Still owned by the town, the Hoosier Gym is administered separately from the condos, so it is watched over by its community group, just as the Hall of Fame is. Therein lies the true soul of Indiana basketball, for legendary games are not only about those who are heroes but also about those are witnesses.

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Time and Again

February 2, 2009

Since today is Groundhog Day, we were thinking of watching the movie. This movie is so well-known that “Groundhog Day” has entered the cultural vocabulary as referring to a particular type of time travel: being caught in an infinite loop and reliving the same experience over and over.

What is your favorite movie about time travel? Mine would probably be “Back to the Future,” “The Final Countdown,” or perhaps “The Lake House.” Of course, there are many others, including “Somewhere in Time” and the classic, “The Time Machine.”

“The Time Machine” was adapted from the novel by H.G. Wells which defines the genre, but in American literature there is another very fine example: A Connecticut Yankee in King Arthur’s Court by Mark Twain. I have always enjoyed the chapter where Hank, the Yankee, is trying to explain the concept of inflation to sixth-century peasants who think a penny is an excellent wage for a day’s work. Film cannot possibly capture the fun of the verbal slapstick in Twain’s dialogue as Hank predicts a time in the future when a mechanic’s average wage will be an astonishing 200 cents a day.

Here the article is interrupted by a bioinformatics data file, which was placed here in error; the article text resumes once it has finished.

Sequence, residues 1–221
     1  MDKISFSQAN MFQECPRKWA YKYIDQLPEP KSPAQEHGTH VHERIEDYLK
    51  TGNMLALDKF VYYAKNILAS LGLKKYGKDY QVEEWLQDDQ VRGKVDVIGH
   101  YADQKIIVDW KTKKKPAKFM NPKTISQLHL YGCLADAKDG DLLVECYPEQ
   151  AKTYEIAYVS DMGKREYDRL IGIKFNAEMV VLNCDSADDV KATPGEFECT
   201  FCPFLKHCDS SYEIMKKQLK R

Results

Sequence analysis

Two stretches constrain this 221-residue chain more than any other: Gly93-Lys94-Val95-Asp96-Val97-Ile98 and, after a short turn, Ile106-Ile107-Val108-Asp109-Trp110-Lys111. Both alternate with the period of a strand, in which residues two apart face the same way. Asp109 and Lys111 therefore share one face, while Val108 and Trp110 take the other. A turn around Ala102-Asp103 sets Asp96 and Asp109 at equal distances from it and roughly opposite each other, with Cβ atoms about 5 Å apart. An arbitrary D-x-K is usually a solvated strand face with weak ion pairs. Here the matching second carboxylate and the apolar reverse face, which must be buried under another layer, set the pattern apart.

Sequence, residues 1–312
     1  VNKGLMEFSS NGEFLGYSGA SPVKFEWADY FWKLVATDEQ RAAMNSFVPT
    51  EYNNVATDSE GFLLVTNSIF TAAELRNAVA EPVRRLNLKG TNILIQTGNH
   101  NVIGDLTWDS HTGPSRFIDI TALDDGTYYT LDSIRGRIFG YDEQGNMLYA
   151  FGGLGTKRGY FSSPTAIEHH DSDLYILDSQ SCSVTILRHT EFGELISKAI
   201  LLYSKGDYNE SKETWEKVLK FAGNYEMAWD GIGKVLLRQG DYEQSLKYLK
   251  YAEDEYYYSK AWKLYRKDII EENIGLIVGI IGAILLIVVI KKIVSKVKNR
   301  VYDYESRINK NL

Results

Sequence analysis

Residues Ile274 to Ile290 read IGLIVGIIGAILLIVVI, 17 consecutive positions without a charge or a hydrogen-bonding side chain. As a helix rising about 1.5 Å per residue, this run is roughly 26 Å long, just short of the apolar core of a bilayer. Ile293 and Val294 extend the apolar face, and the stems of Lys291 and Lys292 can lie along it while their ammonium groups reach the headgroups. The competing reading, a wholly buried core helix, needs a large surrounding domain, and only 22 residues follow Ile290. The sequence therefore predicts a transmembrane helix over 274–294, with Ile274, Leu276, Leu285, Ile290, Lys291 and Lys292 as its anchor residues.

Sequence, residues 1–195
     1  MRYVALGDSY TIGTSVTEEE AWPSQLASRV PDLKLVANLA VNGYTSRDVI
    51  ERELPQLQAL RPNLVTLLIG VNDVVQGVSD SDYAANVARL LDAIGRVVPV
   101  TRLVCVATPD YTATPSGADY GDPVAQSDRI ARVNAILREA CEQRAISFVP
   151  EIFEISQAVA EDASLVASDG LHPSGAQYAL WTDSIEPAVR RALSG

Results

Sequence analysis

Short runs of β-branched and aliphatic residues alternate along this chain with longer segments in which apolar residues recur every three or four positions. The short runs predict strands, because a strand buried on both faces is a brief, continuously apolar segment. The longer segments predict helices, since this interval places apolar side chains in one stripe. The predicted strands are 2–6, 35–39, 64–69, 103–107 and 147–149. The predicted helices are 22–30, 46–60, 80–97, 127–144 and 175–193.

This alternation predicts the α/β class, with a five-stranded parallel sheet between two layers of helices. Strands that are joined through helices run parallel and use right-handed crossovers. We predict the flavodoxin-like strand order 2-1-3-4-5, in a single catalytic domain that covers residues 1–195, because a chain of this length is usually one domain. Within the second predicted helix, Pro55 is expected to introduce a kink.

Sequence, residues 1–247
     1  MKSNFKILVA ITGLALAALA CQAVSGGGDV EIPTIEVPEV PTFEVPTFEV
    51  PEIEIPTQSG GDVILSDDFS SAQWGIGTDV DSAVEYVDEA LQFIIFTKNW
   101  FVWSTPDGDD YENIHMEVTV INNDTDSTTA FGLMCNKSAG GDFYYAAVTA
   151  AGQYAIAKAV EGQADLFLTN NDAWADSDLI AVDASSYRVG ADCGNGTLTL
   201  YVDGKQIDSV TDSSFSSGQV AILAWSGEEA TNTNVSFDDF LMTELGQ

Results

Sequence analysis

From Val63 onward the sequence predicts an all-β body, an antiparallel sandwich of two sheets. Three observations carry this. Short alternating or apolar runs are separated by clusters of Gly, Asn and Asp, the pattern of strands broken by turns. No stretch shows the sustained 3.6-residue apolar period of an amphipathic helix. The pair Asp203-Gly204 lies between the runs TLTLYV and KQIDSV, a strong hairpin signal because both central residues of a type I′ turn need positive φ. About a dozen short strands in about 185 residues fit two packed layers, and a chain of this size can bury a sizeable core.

In 1890, the year after Twain’s book came out, Ambrose Bierce published a short story entitled “An Occurrence at Owl Creek Bridge.” This tale set the standard for journeys through compressed time, wherein a character lives a lifetime in a single moment of imagination.

All of these forms of fiction illustrate the mystery of time and the magic of literary and cinematic art. A good book is, after all, a time machine in itself.

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Meandering Indiana – 8

September 16, 2008

I was shocked to learn recently that Sullivan County lies due south of Terre Haute, not off in the Hoosier National Forest somewhere as I supposed. Shocked, because that means I’ve driven through the county lots and lots of times without knowing it was there.

Since I’ve visited the “Pocket” (SW Indiana) on countless occasions, I’ve apparently shot down I-70 to Terre Haute, driven straight through to Vincennes, done that ridiculous curlicue to stay on US 41, and then on to Evansville, without paying a bit of attention to Sullivan County, which sits smack in the way. On the return trip, I usually check my gas gauge and think, no, I can make it to Terre Haute and again not stopped. Well, I apologize, and next time, it will be different, so help me.